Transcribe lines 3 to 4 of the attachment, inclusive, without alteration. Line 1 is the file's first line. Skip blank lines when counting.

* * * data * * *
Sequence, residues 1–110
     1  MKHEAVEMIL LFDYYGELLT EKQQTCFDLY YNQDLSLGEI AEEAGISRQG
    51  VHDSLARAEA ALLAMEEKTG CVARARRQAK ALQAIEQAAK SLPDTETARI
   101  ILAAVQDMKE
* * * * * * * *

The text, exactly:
    51  VHDSLARAEA ALLAMEEKTG CVARARRQAK ALQAIEQAAK SLPDTETARI
   101  ILAAVQDMKE